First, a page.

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UH System expands Katy footprint with 46-acre purchase

The UH System is selling its former Cinco Ranch campus, pictured here, for $6.8 million. Demand for the programs offered at that campus outgrew the facilities. | Karin Keller/The Cougar

The UH System has finalized its purchase of 46 acres from Parkside Capital at the northeast corner of Interstate 10 and the Grand Parkway for its new Katy campus, which will be known as UHS University Park.

For Katy commuters, this campus couldn’t come soon enough.

Every semester, I have to pick my schedule so that I can best avoid traffic,” said biology junior Kevin Saravia. “With this campus, I wouldn’t have to worry about accounting for traffic, so I could take class earlier and end midday with no worries.”

Initially, UH plans to build an 80,000 square foot facility. This facility is currently in its design phase. Director of UH System properties Jason Trippier said the construction will begin starting fall 2017 and that the new campus is expected to open in Fall 2019.

According to the Houston Business Journal, UH’s 46 acres will be part of the 125 acres of the new campus, which is expected to serve 2,000 students initially. With the systems’ master plan of 500,000 square feet of space, it will eventually be able to accommodate 8,000 to 10,000 students.

Trippier said that the planning for this university began in 2014 and that, in 2015, UHS went to the Texas Legislature to obtain funding.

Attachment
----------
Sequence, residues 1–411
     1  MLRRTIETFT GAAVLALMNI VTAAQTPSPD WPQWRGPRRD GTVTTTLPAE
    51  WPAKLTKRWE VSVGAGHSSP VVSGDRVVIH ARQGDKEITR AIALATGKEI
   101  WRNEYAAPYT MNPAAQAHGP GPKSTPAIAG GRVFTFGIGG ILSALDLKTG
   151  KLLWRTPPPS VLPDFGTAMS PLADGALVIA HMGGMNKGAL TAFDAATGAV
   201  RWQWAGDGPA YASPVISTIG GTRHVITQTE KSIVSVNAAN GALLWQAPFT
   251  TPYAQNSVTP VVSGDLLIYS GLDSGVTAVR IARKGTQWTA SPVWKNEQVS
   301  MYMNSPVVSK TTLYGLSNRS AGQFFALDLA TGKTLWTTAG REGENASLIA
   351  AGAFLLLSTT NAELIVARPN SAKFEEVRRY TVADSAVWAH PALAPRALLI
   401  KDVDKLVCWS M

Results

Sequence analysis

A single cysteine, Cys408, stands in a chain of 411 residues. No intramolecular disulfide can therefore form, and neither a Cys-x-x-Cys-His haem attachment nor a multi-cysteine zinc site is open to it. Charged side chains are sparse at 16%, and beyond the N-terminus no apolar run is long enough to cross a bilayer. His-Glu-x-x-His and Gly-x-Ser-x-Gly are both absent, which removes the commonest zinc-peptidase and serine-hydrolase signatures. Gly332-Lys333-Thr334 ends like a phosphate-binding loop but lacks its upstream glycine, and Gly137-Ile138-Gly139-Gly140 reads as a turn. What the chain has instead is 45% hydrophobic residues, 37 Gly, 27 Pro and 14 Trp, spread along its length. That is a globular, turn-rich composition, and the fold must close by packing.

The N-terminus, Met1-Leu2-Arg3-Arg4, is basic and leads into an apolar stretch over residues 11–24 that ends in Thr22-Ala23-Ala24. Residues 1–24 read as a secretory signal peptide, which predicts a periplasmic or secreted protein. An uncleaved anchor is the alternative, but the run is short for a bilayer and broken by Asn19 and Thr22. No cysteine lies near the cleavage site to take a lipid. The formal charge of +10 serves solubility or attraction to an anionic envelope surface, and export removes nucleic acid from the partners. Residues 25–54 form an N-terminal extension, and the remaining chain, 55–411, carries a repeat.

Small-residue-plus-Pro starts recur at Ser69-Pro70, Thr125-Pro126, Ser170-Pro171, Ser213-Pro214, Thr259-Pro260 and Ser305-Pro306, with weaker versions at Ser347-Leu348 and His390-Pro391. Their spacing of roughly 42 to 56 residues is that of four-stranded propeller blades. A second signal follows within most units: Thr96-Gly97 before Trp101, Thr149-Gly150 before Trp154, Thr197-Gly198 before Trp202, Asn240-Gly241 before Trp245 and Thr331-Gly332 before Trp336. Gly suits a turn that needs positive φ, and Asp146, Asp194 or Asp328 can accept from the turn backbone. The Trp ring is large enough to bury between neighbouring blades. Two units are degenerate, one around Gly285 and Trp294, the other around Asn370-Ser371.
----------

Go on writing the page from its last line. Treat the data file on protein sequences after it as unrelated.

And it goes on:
“I established the Katy Task Force in October 2015 to develop the academic programming for the new Katy building, including infrastructure needs,” Trippier said. “Specific programs will be offered in Katy and students will be able to complete those programs at the Katy campus.”

The undergraduate programs that will be offered include: civil engineering, environmental engineering and computer engineering. For graduate programs, the school will offer petroleum engineering, subsea engineering and a master of science in nursing.

The school has placed a strong emphasis on engineering programs due to high demand along the West Houston Energy Corridor.  

In a news release, president and CEO of the Katy Economic Development Council Lance LaCour said that 40 percent of all engineers in Houston commute from the Katy area.

Biology freshman Sindy Zabala hopes that the new Katy campus will also offer advanced medical courses.

“I feel like a lot of commuters from Katy are interested in working in the medical field, and having courses closer to home would help a lot,” Zabala said. “The worst part of being a commuter is dealing with an accident on I-45 at any given time. That stress coupled with the stress of trying to get into medical school can be a bit much at times.”

Saravia would like to see the presence of a strong medical program at the Katy campus, but also said that he would like the courses offered at the satellite campus to be cheaper than the ones offered at the main campus.

UH System is selling its former Cinco Ranch campus for $6.8 million. The campus opened in 1989 and is being sold because the demand for the programs offered at that campus outgrew the facilities.

Unlike UH System’s Sugar Land campus, there are no plans for a shuttle and no plans for certain majors to move the majority of their coursework to the other campus.

In the UH press release, UH System Senior Vice Chancellor for Academic Affairs and UH Senior Vice President for Academic Affairs and Provost Paula Myrick Short said that the purchase of this new plot of land will be the next step in the UH System’s mission of expanding its ties within the community.

“By providing increased course offerings in the Katy region, we’re furthering the success of our students toward timely and accessible degree completion,” Myrick said.

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